I’ve given myself quite a simple, straight-forward task.  Every Wednesday, write something about anything and post it almost immediately.  The theory is that this will be a freeing exercise, which will rescue me from being too anal about my writing, and from taking myself and the whole pursuit of writing too seriously.  I’ve already written a very serious novel, which took me  upwards of a decade, and let me tell you, after the first 4 years, freedom’s just another word for everything left to lose or toss off a bridge. There’s got to be fun and freedom in writing, right?  Otherwise, who in his/her right mind would keep doing it?

Nonetheless, this self-imposed directive is not as easy-peasy as I’d imagined (isn’t it always the case that life never lives up to the imagined?).  It is almost 2pm and these few words are the only ones I have managed to put down.

It’s not like I haven’t tried to convince myself to just do it. I have made several very attractive bargains with myself:

  1. Write out in the backyard in a little notebook–that way it won’t seem like work.  Excuse: It’s hot in the backyard, and transcribing is a drag, which will indeed turn the exercise into work.
  2. Write after lunch. Who can write when her stomach is grumbling?  Excuse: But who can write on a full stomach, which is sure to make me groggy, in the middle of the afternoon.
  3. Take a nap and then write.  But no napping longer than 20 minutes, or the whole bargain is off according to science.
  4. Recycle an old post from an old blog.  No one has seen those, right? But that’s not writing is it?  That’s copying and pasting. Or self-plagiarizing–a word being thrown around a lot these days, what with the Jonah Lehrer/Bob Dylan/New Yorker scandal.  My view: If I can’t plagiarize myself, who can I plagiarize? I’ve opted to eschew the self-plagiarizing for the moment, however.
  5. Write whatever comes to mind–it will be fine.  But will it, really? If you’ve read this far, you are in a better position to judge the fruits of that bargain than I.  I am a true believer of the magical first draft, and I also know that it is a rarity which comes from writing continuously, daily, passionately.  Under these circumstances–not so much.

Apart from the bargains, I found  a number of other small tasks to complete, before beginning to write, that could not wait another minute:

I wish this was a woman, but the same principle applies…

  1. I removed an old, non-functional doorbell that has not been bothering anyone for the past 4 years.  This involved a lot of thought, then a lot of traipsing from basement to first floor, to second floor to look for proper tools, back to first floor, where the job was accomplished not with the myriad of screwdrivers I’d collected in my travels, but with a hammer, a butter-knife and pliers.  I cut the old, sticking-out wires with at least 80% certainty that I wouldn’t be electrocuted. (Who can write after electrocution?) Really, that doorbell was bugging me.  Quite a feat since it makes no sound. It’s now gone to the doorbell junk-heap at the dump. R.I.P.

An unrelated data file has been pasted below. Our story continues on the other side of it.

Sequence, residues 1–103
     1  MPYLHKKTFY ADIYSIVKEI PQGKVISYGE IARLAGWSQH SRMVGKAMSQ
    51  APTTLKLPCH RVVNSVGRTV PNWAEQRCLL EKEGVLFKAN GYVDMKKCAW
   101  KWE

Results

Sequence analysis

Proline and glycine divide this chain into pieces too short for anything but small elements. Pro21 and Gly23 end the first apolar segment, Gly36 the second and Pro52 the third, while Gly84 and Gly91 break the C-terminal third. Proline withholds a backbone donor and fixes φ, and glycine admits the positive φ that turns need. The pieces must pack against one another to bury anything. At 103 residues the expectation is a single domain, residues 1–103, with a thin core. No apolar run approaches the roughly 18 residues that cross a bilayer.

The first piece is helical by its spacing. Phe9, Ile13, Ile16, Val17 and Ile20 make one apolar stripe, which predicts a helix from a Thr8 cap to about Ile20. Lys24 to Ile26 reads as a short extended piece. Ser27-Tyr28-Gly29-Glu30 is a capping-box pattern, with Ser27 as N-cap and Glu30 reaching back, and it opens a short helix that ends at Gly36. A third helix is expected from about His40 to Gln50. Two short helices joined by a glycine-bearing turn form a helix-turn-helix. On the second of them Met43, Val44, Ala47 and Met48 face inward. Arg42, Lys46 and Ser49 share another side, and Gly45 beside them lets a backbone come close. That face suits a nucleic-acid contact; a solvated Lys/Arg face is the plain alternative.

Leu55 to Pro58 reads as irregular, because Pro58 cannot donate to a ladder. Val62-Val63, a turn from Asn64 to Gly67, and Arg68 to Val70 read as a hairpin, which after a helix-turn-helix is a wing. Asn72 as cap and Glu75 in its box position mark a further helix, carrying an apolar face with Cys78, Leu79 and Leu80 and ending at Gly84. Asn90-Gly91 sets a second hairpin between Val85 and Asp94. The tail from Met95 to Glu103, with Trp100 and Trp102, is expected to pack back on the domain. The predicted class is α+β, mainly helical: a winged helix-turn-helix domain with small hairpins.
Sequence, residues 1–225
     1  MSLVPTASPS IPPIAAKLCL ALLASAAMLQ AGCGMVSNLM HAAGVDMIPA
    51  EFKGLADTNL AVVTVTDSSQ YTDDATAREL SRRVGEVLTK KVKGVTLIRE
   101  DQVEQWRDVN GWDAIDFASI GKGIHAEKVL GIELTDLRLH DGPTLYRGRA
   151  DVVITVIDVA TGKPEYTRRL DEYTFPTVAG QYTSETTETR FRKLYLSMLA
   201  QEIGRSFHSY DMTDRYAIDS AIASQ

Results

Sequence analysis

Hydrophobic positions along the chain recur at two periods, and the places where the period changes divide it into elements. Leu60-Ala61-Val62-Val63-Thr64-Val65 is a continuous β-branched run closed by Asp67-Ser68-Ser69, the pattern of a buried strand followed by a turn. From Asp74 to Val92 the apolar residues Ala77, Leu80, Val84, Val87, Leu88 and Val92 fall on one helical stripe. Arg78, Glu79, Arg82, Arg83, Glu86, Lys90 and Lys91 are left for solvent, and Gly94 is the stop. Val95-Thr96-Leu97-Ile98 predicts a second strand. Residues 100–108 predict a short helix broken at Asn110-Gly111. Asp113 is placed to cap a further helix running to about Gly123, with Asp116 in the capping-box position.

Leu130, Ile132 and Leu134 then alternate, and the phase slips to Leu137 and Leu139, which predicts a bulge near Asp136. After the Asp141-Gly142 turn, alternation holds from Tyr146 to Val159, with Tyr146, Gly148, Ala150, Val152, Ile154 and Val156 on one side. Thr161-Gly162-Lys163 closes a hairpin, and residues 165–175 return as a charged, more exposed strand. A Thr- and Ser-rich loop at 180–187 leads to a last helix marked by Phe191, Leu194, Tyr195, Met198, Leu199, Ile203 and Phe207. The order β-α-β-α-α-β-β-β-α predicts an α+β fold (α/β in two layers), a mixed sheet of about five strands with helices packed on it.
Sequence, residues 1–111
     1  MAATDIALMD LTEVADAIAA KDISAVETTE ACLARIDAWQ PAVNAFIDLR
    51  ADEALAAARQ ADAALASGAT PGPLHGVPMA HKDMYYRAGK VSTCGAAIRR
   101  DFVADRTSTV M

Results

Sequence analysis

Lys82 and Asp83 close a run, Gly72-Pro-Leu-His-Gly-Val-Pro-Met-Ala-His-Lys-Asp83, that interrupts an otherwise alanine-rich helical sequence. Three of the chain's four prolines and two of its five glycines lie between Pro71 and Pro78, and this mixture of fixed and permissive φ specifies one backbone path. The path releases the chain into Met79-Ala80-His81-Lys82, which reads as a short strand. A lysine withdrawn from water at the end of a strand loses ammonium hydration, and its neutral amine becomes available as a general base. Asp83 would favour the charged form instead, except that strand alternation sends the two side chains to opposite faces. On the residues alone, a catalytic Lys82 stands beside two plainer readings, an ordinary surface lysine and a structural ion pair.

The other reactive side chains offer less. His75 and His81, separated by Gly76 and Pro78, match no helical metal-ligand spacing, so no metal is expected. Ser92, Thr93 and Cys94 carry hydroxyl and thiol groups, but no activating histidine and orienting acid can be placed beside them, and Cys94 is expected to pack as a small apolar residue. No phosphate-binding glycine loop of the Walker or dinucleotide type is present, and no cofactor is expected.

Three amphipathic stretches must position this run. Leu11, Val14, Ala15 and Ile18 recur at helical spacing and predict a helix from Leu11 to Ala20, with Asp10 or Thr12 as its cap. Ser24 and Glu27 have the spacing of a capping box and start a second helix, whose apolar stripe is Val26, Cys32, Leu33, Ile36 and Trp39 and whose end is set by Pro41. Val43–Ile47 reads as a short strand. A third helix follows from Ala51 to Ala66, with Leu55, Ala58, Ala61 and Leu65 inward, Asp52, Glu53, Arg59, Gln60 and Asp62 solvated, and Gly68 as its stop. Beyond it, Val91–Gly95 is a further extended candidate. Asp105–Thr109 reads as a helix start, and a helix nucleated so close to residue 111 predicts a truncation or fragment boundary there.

2. I watched 6 minutes of Drop Dead Diva.  It’s not a highly intellectual show, but I like it because there is almost always a happy ending. There was also a part of me that felt it would be a nice accompaniment to lunch and a precursor to the nap, after which all my glorious writing juices would be flowing. As long as I did not oversleep, that is. But why only 6 minutes? Because the doorbell was calling me to take it out of its useless misery. And I probably keenly felt my own useless misery in those 6 minutes.  Watching tv in the middle of the day when I should be writing.  For shame.
  3. I checked my WordPress account, my Facebook, my Twitter to see if anyone was talking about me.  Seriously, there is no better time-waster than social media.  A few people are talking about me, by the way, which is encouraging, but besides the point to  actually sitting-on-my-butt and writing.
  4. I’ve also toyed with the idea of framing and hanging 3 very large prints in my office. I have the frames; I have the prints.  They have been sitting undisturbed by anything but dust since last Christmas, if not the one before. I really can’t remember.  I suppose they would make my office a more colorful and inspiring place, which is why I bought them.  But it’s not my office’s fault that I have nothing of import to write about, is it?

If I had to do it all again (and I will, next Wednesday, if not sooner), I would get up, have a cup of tea and a bite to eat, turn off the phone, the internet, put the do not disturb sign on my door, and hunker down to write something, anything other than a piece about having nothing to write about.  There’s nothing new in that, is there?  Why should anyone care? It happens to all of us, more often than we’d like to admit. Well I’m admitting it.  So there. Sue me.

I’m off to take that nap now.

He is my nap guard, and will also wake me up after 20 minutes.

Fiction vs Non-fiction (with cameos by Jim Jarmusch, James Frey & Truman Capote)

Over the years I’ve had more than one person announce “I don’t read fiction” upon hearing that I’m a writer of stories and novels.  When asked why, these people told me that it was because fiction is not true.  These same people, when asked whether they went to the movies or just took in the latest “very serious” documentary on war or obesity or the disappearing naked tribes of the Amazon (who are very lean, by the way), replied that of course they went to the movies.  Perhaps they even identified with a character, shed a tear, or decided to leave their families and find themselves in Alaska or the Andes or Timbuktu. Jim Jarmusch’s Down By Law convinced me that life could not go on if I didn’t take a swamp boat through Louisiana’s Bayou.  Perhaps a guide to alligator hunting would have had the same result, or the latest spate of reality shows like Cajun Justice and Swamp People, but probably not.